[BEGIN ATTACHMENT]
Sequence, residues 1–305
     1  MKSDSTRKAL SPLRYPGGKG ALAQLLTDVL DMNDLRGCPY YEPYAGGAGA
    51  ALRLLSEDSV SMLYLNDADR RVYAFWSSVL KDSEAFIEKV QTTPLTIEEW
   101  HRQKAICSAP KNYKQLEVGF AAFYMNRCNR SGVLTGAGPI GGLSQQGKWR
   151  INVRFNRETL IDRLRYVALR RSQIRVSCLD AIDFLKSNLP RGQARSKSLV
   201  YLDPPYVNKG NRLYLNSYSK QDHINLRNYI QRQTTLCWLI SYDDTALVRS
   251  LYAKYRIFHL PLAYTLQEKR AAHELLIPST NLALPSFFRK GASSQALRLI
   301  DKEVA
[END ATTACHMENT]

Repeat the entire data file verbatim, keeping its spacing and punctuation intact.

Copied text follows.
Sequence, residues 1–305
     1  MKSDSTRKAL SPLRYPGGKG ALAQLLTDVL DMNDLRGCPY YEPYAGGAGA
    51  ALRLLSEDSV SMLYLNDADR RVYAFWSSVL KDSEAFIEKV QTTPLTIEEW
   101  HRQKAICSAP KNYKQLEVGF AAFYMNRCNR SGVLTGAGPI GGLSQQGKWR
   151  INVRFNRETL IDRLRYVALR RSQIRVSCLD AIDFLKSNLP RGQARSKSLV
   201  YLDPPYVNKG NRLYLNSYSK QDHINLRNYI QRQTTLCWLI SYDDTALVRS
   251  LYAKYRIFHL PLAYTLQEKR AAHELLIPST NLALPSFFRK GASSQALRLI
   301  DKEVA